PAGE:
FLSA

“The dog ate my homework” is a common refrain of school children throughout the ages.  Well, there is an adult version of that scenario, such as in this case, where

Continue Reading Company Asserts “Dog Ate My Homework” Theory In Suing Its Payroll Company For Its FLSA Settlement Costs

In exemption cases (or lawsuits), a title means nothing.  You can call a janitor a Maintenance Engineer but if his primary duties are sweeping up, he will still be deemed

Continue Reading Exemption Determinations Rely On Actual Duties Performed—What Is The Primary Duty

Naturally, an employee who is to testify in a FLSA action cannot be retaliated against.  Does that protection extend to someone who makes it known that they want to join

Continue Reading How Far Does FLSA Retaliation Protection Extend: According To the Third Circuit, A Long Way!

There has been a great deal of controversy over whether FLSA claims can be released absent judicial or USDOL approval.  There have been some courts that have ruled that parties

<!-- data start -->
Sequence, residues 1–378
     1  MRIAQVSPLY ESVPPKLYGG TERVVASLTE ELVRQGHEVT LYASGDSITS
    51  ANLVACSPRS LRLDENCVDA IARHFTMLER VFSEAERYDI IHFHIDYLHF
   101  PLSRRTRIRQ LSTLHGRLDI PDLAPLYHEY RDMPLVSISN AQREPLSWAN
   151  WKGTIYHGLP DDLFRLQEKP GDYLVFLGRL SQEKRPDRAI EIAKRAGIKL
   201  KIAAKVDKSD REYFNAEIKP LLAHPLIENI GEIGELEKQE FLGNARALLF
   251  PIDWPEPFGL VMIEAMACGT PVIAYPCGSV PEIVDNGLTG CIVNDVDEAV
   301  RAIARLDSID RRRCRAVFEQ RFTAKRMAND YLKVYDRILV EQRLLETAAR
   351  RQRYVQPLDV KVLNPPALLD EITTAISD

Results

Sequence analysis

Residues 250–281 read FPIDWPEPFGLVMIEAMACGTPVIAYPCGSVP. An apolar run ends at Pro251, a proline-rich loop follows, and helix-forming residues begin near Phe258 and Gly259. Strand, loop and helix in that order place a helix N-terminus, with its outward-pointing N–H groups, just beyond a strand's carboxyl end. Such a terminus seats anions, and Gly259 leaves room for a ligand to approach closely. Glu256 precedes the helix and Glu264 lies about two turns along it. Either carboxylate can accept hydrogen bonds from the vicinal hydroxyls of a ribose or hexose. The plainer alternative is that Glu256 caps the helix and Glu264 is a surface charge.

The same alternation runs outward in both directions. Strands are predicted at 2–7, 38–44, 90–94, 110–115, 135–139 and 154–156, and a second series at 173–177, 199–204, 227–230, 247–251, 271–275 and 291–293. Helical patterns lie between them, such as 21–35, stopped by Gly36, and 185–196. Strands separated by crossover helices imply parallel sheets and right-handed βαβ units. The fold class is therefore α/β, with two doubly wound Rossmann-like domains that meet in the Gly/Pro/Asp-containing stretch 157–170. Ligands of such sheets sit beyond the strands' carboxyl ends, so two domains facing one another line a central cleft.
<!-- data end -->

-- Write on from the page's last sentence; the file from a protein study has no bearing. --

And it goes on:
Continue Reading The Issue Of Judicial Approval On Single Plaintiff FLSA Settlements Continues To Demand Attention

As I have written numerous times, the administrative exemption is the grayest and most difficult for an employer to prove  The tension between whether duties involve skill and experience or

Continue Reading Property Damage Investigators Do Not Meet FLSA Administrative Exemption Test: Another Lesson For Employers On This Grayest of Gray Exemptions

I am very interested in travel time cases.  There are some nuanced concepts hovering around travel time, especially the concept of what constitutes non-compensable home-to-work travel.  In an interesting case

Continue Reading Is Travel From A Meeting/Staging Area To A Work Site Still Only Home-to-Work Travel Time?